Ladakh has now become one of the most sought after tourist destinations both by Indians and the international community. Access to this land of high passes is restricted for the most part of the year not by humans but by natural forces at work during the harsh winter months.
The thrill of beating the odds to get to Ladakh is often considered to be a valiant affair. The Khardung La experience is something that most people look forward to on a visit to Ladakh. Travelers and tourists try their luck and overcome the obstacles and ride through the high passes on motorbikes; some even on bicycles.
For the faint-hearted, there are now direct flights from New Delhi, Jammu and Srinagar to Leh; the capital of the Ladakh district.
After my trek to the Stok Kangri mountain, I decided to stay a few more days in Leh and visit some of the places around.
First on my tour itinerary was the mighty Khardung La Pass. Beyond the town of Leh, I wanted to travel to the Nubra Valley and then all the way to Turtuk for a day or two at least. Turtuk is the last village of India before Pakistan occupied Kashmir. A trip to Turtuk played on my mind ever since the time I started researching about Ladakh. I’ve read stories of people who made it there and the place sounded really fascinating to me.
Getting to Khardung La seemed harder than I thought it would be. For more than two days I had to stay put at my hotel room in Leh due to the heavy rains and snow at the Khardung La pass. When the weather got a bit better, the hotel manager booked a shared taxi for me for the next morning. In tourist season i.e., from May/June to September/October, taxis to Nubra and other areas are always available from the town. They can be booked for a solo trip (if you have a lot of $$$ stacked up in your wallet) or can be shared with other travelers making trips on the same route. Taxis can be arranged by the hotel/guesthouse/homestay you are at or you can just walk up to any of the travel agent offices at the Leh market and Changspa Road.
If you are looking to travel cheaper and on a smaller budget then you could find a local bus at the Leh bus station just at the beginning of the town. But finding the right bus for the right time on the right date of travel could turn out to be a cumbersome affair as the bus services in Ladakh are known to be inconsistent owing to the remoteness of the region.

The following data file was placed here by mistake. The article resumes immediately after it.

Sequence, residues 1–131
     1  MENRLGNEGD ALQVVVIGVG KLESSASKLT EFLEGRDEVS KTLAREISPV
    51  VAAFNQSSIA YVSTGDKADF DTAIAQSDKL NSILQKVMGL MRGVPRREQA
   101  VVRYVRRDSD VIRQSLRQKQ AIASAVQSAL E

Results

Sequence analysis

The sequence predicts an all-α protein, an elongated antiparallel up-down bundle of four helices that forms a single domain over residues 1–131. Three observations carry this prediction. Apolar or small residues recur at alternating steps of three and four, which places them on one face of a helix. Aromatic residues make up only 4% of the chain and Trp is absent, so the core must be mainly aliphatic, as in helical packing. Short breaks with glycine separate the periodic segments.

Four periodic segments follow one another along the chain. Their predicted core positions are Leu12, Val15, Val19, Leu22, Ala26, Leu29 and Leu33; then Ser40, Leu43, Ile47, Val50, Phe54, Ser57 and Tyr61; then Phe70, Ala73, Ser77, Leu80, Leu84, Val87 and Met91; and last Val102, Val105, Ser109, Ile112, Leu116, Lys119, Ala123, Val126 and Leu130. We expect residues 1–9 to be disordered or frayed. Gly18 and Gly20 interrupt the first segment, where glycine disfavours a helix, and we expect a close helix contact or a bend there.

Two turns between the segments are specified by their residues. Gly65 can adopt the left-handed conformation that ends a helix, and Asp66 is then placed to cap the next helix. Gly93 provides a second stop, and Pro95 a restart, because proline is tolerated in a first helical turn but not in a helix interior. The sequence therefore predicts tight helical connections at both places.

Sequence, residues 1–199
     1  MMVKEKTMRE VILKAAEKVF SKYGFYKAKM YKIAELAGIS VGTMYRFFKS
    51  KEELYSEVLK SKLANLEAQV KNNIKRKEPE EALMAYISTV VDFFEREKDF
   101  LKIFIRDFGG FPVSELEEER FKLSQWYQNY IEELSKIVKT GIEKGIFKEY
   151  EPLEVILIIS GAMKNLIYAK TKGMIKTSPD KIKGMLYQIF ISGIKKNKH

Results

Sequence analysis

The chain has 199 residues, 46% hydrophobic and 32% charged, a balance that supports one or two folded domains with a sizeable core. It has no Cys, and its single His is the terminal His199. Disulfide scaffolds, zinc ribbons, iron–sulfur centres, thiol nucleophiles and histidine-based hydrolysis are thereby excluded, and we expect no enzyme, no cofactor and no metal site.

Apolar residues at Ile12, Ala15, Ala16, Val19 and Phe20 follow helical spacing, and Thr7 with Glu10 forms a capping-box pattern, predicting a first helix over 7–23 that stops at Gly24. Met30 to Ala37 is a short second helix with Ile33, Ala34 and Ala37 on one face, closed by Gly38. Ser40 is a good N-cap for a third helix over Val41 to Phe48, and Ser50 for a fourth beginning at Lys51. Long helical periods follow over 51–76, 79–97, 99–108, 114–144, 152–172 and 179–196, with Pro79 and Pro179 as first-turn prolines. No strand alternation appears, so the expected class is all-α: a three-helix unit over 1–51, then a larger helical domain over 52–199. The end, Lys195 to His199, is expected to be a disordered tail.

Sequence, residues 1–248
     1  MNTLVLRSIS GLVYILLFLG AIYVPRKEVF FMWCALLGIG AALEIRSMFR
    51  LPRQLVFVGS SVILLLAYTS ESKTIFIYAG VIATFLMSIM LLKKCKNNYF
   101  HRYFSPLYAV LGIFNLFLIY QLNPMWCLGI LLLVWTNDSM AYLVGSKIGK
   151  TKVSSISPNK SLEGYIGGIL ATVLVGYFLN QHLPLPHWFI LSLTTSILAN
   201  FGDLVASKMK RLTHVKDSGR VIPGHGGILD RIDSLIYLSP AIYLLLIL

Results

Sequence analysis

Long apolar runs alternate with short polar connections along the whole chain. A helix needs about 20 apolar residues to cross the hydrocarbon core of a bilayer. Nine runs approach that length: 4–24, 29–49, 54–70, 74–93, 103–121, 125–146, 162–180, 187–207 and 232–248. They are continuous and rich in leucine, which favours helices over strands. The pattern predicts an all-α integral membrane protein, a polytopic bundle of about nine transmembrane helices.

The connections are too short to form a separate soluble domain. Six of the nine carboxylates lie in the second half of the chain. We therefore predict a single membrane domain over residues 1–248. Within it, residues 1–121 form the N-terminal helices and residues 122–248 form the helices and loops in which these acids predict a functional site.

If you insist for the bus, here’s something I found online that could help you out.
Khardung La is located 39 km from Leh in the northern most state of India, Jammu & Kashmir on the route towards the Nubra Valley and it of the highest importance to the Indian Army. It is the only road that connects to the Siachen Glacier, dubbed as the highest battlefield on Earth. The Border Roads Organisation (BRO) claims Khardung La to be the Highest Motorable Road in the World although this has been refuted by some sources. Whatever be the case, people from all over the world flock to get to this spot and earn the coveted title.
I boarded my shared taxi from Leh along with two couples. The road to the pass is fairly straightforward these days with a small unpaved and muddy section closer to the pass on either sides. High altitude weather dictates access to the pass throughout the year. But if you are in luck sometime during the season, the road should be open without much problems; except for the scores of people who ascend there. For us there was a clear weather window that day and it felt perfect after suffering the downpours the previous two days.
As you make it through the narrow stretches of road up the mountain pass, the ride up is sure to induce vertigo to any one. All vehicles have to stop at the first check post at South Pullu to have their documents and permits checked by the army. Here, you can buy yourself some snacks and hot noodles to keep you warm through the cold journey.